Dark X-Men: The Beginning acts as a tie-in to a crossover, which is almost unheard of. You have tie-ins to events, and events are crossovers, but crossovers aren’t events and don’t usually get tie-ins, just connected books. Either way, this was an interesting read. Dark X-Men: The Beginning serves to show how our Dark X-Men was formed. In this issue we see how Mimic, Namor, and Dark Beast all fit into their roles as members of the Dark X-Men, where they came from, and why. It’s an interesting read, but is it worth it? Not realy. To be honest, it’s about as worth it as any tie-in. Sure, it helps flesh out the story (because honestly, who saw Dark Beast coming? Shouldn’t he be dead or something?), but when all is said and done this won’t matter. I doubt the Dark X-Men will exist beyond Utopia (and if they do, I assure you I will not be buying it), so these essentially become throw aways. It’s just a question of how much do you care about the Dark X-Men in the end. If you want to know why each of them were brought in, then I’d recommend the issues. Otherwise, it’s pretty passable. Me, being the knowledge craving nerd that I am, like stuff like this, but I can easily see why it is really not that neccesary.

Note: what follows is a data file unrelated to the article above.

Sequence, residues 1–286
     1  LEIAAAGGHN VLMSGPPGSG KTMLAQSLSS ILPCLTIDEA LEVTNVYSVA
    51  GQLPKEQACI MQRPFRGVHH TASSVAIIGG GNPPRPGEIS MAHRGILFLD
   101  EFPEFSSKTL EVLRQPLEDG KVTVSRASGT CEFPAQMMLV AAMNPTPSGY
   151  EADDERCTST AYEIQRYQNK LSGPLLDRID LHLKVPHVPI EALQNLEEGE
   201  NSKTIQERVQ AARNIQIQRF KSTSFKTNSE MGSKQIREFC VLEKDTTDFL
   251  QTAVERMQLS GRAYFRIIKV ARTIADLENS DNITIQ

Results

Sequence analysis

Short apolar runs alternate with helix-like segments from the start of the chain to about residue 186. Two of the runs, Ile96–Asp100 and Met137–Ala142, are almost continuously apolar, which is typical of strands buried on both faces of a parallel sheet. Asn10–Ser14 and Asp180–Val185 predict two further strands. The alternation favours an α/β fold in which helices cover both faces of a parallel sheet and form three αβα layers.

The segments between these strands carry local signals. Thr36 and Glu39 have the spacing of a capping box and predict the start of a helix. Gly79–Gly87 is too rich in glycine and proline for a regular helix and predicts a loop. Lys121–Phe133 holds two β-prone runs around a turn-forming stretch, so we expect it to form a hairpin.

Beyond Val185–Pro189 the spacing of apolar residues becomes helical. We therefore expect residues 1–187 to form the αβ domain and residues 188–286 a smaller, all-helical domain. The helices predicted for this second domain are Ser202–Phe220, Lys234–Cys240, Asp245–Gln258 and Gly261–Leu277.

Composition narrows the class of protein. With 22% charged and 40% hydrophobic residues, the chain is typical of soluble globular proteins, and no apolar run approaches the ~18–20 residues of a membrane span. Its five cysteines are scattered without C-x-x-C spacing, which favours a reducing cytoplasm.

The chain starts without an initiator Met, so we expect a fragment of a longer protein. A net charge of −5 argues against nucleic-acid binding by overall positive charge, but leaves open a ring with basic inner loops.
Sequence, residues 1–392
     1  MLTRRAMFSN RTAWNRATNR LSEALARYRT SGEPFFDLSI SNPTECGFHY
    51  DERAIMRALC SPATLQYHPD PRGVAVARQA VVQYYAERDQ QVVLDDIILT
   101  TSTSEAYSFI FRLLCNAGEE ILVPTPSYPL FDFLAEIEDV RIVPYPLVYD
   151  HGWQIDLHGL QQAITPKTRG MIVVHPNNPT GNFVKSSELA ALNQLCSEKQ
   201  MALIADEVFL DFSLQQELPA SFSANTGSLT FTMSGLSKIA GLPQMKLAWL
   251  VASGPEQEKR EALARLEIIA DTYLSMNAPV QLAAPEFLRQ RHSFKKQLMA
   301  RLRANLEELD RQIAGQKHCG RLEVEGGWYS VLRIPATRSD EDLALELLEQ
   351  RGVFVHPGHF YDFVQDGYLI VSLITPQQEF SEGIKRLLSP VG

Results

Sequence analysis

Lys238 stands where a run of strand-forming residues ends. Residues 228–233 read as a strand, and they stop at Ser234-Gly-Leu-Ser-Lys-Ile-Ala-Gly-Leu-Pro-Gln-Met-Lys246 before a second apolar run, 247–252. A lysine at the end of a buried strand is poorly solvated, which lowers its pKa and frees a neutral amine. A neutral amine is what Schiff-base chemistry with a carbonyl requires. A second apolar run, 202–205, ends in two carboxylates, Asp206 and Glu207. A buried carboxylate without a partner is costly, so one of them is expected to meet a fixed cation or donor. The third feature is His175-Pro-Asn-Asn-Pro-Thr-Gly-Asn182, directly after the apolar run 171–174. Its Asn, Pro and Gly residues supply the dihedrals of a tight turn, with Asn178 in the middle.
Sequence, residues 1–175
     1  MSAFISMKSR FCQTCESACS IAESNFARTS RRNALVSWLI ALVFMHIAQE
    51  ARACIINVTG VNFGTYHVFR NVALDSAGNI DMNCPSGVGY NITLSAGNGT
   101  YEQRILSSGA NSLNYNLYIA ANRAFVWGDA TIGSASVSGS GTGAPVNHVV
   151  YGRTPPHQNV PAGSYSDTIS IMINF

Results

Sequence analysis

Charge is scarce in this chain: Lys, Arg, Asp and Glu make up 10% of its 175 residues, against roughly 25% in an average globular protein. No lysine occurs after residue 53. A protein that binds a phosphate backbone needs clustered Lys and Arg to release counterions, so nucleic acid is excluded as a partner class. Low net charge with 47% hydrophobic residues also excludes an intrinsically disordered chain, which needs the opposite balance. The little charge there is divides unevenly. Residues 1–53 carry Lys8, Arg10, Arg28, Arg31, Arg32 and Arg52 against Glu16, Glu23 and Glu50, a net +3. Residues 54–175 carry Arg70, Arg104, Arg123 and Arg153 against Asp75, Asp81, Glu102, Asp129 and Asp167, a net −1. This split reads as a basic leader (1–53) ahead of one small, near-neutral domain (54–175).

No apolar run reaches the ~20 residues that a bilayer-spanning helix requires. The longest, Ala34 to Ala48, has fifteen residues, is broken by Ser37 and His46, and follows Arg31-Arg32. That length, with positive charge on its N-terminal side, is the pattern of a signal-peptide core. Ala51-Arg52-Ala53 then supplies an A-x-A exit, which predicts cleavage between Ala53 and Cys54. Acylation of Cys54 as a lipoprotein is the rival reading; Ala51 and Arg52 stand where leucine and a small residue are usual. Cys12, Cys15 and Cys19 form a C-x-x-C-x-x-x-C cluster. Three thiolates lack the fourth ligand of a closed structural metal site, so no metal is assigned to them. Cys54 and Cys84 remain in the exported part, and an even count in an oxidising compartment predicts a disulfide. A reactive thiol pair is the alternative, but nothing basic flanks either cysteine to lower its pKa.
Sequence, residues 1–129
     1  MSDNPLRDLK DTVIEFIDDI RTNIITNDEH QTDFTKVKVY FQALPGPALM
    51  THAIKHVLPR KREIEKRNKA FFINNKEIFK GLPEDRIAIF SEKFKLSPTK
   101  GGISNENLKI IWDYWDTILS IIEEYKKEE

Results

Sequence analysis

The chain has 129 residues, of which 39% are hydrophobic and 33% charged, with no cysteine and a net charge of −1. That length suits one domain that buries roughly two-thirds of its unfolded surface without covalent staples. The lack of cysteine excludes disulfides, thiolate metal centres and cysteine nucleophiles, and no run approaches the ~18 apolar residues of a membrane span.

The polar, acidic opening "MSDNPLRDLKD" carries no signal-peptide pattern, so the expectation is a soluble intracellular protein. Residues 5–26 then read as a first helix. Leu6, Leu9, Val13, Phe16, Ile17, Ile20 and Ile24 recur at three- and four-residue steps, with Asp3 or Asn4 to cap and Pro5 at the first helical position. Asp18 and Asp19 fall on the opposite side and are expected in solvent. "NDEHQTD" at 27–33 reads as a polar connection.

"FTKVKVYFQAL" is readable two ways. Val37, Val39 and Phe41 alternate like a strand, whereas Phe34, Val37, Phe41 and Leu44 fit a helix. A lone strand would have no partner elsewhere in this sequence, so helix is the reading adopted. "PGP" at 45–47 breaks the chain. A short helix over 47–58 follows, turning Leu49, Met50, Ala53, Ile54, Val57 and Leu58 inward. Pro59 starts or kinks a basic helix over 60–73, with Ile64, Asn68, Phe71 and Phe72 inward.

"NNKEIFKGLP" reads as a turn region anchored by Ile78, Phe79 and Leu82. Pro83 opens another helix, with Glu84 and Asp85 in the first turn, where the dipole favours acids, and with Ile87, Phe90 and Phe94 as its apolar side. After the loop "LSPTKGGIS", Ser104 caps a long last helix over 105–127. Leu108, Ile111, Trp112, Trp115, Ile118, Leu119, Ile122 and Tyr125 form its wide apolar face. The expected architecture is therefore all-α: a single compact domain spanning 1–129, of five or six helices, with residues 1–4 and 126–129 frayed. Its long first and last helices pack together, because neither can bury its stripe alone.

Amazing Spider-Man Annual #36